Subject: Help request for clone(2) man page


I see that you did some consolidating work for clone() in Linux 3.8,
and for that reason I suspect you know the answer to the questions
below. Could you take a short moment to look at the questions?

The relevant pieces of the clone(2) man page are quoted below. There
is some ancient text there that talks about the "struct pt_regs *regs"
argument. In 3.8, I see that you made changes that make mention of
that argument (even more?) obsolete, replacing it with 'tls_val'. In
any case, the page never actually explained the purpose of the
argument, and I do not know the past or present details.

Would you be able to help with the following:
* Provide a short explanation of the purpose of the 'tls_val' argument.
* Was the mention of "struct pt_regs *regs" already long obsolete, or
did it only become obsolete in 3.8? (I suspect the former.) In any
case, (if it makes sense to do so)would you be able to make some short
explanation of that argument, and also some statement about when it
became obsolete? (This is relevant, because man pages tries not to
document just current behavior but also the details in past kernel

I'll try to work in whatever text you give me as part of the man page.



clone, __clone2 - create a child process

/* Prototype for the glibc wrapper function */

#include <sched.h>

int clone(int (*fn)(void *), void *child_stack,
int flags, void *arg, ...
/* pid_t *ptid, struct user_desc *tls, pid_t *ctid */ );

/* Prototype for the raw system call */

long clone(unsigned long flags, void *child_stack,
void *ptid, void *ctid,
struct pt_regs *regs);
clone() creates a new process, in a manner similar to fork(2).

This page describes both the glibc clone() wrapper function and
the underlying system call on which it is based. The main text
describes the wrapper function; the differences for the raw system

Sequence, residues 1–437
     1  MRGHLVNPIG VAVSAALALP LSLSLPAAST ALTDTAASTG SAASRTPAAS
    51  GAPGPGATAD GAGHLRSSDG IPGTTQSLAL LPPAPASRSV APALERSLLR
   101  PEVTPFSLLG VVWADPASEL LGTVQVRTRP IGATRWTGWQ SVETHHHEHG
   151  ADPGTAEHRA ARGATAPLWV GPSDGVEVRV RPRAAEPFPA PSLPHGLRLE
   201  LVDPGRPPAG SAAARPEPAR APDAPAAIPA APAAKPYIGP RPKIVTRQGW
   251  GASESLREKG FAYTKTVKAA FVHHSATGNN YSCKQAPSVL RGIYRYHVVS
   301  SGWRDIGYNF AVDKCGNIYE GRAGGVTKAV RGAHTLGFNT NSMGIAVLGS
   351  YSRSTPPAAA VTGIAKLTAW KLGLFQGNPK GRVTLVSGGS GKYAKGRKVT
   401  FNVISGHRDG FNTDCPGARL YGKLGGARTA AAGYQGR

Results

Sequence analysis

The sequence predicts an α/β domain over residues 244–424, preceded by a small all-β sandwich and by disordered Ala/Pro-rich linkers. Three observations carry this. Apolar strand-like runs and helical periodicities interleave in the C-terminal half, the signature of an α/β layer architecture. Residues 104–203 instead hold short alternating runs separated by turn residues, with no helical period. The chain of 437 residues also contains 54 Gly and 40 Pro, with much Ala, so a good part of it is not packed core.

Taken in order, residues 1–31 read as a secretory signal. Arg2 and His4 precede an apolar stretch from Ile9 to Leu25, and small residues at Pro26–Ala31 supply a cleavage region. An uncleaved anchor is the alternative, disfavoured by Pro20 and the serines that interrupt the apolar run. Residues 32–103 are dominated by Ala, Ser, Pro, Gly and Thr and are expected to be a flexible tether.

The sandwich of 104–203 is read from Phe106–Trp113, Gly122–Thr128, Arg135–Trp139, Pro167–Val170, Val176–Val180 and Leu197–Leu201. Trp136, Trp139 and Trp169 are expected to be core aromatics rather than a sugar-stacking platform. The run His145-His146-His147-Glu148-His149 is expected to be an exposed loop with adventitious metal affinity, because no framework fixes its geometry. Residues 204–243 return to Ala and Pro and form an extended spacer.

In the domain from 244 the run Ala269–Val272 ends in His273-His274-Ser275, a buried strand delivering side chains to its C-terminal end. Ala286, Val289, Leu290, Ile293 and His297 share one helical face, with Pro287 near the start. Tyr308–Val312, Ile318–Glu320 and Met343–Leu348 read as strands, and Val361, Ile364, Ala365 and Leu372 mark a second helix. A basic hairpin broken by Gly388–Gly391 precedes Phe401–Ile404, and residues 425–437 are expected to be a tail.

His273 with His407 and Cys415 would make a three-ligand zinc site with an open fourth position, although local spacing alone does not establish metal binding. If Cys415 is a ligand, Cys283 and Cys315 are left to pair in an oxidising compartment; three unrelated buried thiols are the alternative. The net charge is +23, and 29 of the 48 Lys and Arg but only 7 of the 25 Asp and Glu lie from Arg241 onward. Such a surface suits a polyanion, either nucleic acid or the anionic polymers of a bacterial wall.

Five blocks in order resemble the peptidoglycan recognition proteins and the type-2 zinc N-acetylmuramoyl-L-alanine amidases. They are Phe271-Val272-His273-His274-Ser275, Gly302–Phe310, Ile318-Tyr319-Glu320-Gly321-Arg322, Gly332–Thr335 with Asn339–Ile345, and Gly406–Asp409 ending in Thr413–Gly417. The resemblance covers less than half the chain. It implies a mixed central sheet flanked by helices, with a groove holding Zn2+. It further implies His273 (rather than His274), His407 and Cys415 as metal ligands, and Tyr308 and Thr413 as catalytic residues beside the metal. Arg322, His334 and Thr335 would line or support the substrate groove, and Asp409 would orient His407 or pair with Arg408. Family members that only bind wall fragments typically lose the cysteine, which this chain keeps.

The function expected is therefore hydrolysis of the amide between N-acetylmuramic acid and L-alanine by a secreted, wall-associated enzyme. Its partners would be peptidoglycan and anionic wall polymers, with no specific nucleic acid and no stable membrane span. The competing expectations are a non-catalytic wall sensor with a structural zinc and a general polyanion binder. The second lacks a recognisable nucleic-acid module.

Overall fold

call are described toward the end of this page.

The raw system call interface
The raw clone() system call corresponds more closely to fork(2) in
that execution in the child continues from the point of the call.
As such, the fn and arg arguments of the clone() wrapper function
are omitted. Furthermore, the argument order changes. The raw
system call interface on x86 and many other architectures is

long clone(unsigned long flags, void *child_stack,
void *ptid, void *ctid,
struct pt_regs *regs);

Another difference for the raw system call is that the child_stack
argument may be zero, in which case copy-on-write semantics ensure
that the child gets separate copies of stack pages when either
process modifies the stack. In this case, for correct operation,
the CLONE_VM option should not be specified.

For some architectures, the order of the arguments for the system
call differs from that shown above. On the score, microblaze,
ARM, ARM 64, PA-RISC, arc, Power PC, xtensa, and MIPS architecā€
tures, the order of the fourth and fifth arguments is reversed.
On the cris and s390 architectures, the order of the first and
second arguments is reversed.

On ia64, a different interface is used:

int __clone2(int (*fn)(void *),
void *child_stack_base, size_t stack_size,
int flags, void *arg, ...
/* pid_t *ptid, struct user_desc *tls, pid_t *ctid */ );

The prototype shown above is for the glibc wrapper function; the
raw system call interface has no fn or arg argument, and changes
the order of the arguments so that flags is the first argument,
and tls is the last argument.

__clone2() operates in the same way as clone(), except that
child_stack_base points to the lowest address of the child's stack
area, and stack_size specifies the size of the stack pointed to by